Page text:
Other Asian economies face similar risks from external borrowing. China, the region’s largest economy, has seen its external debt rise with large inflows of so-called “hot money” to higher-yielding Mainland assets. UBS estimates that as of the end of 2014, Chinese companies had issued roughly $1 trillion in unhedged foreign debt—equivalent to over 10 percent of GDP—as part of this carry trade. While the Renminbi has a narrow trading band against the dollar, continued financial sector reform may involve further liberalization of the Renminbi and capital account, putting stress on foreign debt service. In Indonesia, private sector borrowing represented more than half of the country’s overall foreign borrowings (over $300 billion in total as of Q3 2014), while elsewhere in Southeast Asia, Malaysia also has high levels of external debt.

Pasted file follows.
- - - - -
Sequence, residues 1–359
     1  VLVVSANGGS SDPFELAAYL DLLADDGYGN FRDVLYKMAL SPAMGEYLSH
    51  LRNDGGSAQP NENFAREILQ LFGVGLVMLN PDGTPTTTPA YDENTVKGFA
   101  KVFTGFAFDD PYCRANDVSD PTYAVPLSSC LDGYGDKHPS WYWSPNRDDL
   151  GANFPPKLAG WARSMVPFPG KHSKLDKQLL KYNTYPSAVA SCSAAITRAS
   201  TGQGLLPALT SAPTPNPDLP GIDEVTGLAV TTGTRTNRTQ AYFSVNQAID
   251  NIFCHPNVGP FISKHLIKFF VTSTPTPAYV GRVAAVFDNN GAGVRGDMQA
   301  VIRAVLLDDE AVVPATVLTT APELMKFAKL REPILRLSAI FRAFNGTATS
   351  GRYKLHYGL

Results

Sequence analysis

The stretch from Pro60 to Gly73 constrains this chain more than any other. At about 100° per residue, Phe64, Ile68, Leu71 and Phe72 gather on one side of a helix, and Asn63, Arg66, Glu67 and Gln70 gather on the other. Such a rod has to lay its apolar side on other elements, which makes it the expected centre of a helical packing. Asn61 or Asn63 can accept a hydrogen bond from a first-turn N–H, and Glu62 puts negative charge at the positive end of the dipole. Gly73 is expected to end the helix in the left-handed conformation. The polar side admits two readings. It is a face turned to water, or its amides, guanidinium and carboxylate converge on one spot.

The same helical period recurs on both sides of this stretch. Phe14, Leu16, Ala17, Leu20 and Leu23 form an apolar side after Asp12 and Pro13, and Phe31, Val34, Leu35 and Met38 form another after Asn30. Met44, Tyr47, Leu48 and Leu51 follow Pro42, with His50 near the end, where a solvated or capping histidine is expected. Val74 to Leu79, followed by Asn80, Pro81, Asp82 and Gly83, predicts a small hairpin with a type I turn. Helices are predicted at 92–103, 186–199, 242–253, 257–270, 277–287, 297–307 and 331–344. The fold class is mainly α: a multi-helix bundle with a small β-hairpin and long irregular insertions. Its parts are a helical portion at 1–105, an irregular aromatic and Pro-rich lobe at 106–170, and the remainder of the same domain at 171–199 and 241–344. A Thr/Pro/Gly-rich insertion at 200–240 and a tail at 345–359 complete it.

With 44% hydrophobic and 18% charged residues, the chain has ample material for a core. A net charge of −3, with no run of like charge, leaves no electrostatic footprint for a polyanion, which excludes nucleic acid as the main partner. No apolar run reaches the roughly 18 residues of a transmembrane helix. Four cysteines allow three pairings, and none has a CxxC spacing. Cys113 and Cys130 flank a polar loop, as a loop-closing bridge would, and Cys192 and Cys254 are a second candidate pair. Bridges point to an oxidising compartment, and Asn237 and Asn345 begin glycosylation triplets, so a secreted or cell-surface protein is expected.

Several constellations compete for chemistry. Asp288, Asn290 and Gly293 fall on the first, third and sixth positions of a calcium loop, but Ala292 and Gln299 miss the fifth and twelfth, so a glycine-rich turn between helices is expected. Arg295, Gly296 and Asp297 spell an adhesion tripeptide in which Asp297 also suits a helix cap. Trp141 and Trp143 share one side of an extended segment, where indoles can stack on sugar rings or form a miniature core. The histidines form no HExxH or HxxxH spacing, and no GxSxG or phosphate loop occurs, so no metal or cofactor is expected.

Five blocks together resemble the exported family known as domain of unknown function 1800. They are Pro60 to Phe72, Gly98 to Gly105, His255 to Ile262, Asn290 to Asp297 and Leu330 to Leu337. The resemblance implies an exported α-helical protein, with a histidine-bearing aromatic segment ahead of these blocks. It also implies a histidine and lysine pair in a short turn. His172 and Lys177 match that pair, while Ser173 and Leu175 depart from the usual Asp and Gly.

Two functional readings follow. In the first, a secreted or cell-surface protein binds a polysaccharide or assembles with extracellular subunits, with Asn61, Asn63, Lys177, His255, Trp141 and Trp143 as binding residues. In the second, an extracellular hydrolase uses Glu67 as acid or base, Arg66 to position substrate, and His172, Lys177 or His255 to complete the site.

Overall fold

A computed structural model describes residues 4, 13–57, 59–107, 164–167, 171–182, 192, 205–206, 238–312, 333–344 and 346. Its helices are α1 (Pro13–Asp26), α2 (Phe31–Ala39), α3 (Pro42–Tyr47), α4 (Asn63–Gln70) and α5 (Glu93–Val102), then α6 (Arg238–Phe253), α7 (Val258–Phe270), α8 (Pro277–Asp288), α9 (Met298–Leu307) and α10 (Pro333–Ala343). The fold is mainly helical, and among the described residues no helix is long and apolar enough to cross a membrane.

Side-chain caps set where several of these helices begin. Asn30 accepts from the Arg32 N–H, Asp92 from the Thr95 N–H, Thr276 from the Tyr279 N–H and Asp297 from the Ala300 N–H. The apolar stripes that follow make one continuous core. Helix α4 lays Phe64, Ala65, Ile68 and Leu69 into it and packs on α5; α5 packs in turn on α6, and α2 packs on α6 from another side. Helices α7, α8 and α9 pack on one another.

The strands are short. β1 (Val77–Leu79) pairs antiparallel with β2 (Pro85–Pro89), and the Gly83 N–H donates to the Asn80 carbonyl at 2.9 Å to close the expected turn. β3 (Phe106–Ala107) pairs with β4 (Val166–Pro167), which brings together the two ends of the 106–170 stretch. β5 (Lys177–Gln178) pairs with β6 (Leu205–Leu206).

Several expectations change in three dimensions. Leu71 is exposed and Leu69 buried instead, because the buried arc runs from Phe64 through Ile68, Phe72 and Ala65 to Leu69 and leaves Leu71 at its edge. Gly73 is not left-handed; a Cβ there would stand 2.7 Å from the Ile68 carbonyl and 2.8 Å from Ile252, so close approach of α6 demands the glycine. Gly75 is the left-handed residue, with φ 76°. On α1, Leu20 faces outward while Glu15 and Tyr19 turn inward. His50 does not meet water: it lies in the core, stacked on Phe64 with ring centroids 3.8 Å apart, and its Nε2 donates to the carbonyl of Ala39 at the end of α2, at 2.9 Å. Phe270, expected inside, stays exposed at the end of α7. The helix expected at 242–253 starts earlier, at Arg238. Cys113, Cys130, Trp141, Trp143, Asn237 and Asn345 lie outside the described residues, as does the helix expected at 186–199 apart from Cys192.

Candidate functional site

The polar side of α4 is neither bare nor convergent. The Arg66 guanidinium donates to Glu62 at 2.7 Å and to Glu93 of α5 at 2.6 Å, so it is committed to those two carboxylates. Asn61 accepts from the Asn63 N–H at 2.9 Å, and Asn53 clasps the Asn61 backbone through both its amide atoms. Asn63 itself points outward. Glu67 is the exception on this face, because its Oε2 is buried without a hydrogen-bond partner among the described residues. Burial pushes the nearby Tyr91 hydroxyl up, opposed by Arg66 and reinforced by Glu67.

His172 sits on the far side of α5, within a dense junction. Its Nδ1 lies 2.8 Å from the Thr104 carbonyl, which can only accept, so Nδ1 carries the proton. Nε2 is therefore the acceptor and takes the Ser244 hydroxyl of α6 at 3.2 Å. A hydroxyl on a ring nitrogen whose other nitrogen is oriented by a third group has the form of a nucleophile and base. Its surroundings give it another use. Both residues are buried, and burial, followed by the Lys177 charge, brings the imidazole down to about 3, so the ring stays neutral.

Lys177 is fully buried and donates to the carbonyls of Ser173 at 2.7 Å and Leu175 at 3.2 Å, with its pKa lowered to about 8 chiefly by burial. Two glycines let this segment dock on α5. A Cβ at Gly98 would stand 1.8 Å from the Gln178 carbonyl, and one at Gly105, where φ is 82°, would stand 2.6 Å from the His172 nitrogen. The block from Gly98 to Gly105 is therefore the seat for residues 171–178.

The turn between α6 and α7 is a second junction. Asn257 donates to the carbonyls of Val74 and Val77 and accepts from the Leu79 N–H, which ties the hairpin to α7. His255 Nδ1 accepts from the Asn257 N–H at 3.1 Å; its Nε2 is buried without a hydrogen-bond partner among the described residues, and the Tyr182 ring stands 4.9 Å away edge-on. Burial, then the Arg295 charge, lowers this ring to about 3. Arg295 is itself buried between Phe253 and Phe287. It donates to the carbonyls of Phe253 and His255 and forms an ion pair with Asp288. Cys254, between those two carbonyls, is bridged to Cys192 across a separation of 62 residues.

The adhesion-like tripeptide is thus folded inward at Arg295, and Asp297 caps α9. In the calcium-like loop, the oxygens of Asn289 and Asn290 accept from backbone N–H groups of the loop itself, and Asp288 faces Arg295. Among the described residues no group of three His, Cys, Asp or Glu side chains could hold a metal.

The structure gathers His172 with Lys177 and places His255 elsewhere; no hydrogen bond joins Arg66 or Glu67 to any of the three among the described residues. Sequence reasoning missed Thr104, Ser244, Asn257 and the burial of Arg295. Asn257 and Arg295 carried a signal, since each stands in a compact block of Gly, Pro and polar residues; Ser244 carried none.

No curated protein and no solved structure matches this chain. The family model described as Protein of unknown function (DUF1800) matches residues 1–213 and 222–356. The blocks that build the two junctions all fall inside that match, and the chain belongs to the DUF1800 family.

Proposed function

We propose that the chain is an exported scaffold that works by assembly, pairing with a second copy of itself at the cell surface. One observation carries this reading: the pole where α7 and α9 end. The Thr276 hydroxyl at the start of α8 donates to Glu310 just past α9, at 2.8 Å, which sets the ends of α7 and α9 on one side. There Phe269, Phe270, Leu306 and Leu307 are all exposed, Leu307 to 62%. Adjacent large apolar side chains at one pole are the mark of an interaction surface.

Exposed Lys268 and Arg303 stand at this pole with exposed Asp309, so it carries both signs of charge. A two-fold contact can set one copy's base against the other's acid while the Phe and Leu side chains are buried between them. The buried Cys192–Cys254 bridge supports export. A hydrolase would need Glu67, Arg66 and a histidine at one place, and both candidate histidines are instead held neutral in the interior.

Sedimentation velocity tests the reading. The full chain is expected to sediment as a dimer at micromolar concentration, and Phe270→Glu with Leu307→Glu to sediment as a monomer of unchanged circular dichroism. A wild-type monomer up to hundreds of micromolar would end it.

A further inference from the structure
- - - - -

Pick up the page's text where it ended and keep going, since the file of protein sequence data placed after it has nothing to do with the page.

International lenders and investors bear the direct risk of any loss from dollar debt owed by Asian corporates, but financial stress from foreign debt can spread domestically as borrowers squeezed by higher foreign currency debt payments have difficulty repaying loans in their home countries, as happened during the Asian Financial Crisis of 1997-98. While many Asian corporates rely on existing exports—which benefit from depreciation through an increase in domestic earnings after conversion from foreign currency—as a natural hedge against rising foreign interest charges, non-exporting companies do not have such advantages embedded in their business models. Recent analysis from Morgan Stanley indicates large-cap Asian corporates hold 38 percent of their liabilities in foreign currency while generating 32 percent of EBITDA in foreign currency, with roughly 30 percent of borrowers unmatched in their U.S. dollar assets and liabilities. Just two years ago, Indian companies unhedged at rates roughly similar to current levels faced problems as the Rupee plunged after the “taper tantrum,” leading many to post mark-to-market losses despite the profitability of the core business.